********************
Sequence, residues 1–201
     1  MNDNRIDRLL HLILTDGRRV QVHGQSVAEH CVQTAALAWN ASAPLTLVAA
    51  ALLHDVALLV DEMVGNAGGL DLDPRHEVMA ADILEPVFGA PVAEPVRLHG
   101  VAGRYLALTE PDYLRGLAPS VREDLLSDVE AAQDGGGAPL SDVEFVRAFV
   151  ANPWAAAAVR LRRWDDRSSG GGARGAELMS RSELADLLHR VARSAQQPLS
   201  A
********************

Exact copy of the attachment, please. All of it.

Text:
Sequence, residues 1–201
     1  MNDNRIDRLL HLILTDGRRV QVHGQSVAEH CVQTAALAWN ASAPLTLVAA
    51  ALLHDVALLV DEMVGNAGGL DLDPRHEVMA ADILEPVFGA PVAEPVRLHG
   101  VAGRYLALTE PDYLRGLAPS VREDLLSDVE AAQDGGGAPL SDVEFVRAFV
   151  ANPWAAAAVR LRRWDDRSSG GGARGAELMS RSELADLLHR VARSAQQPLS
   201  A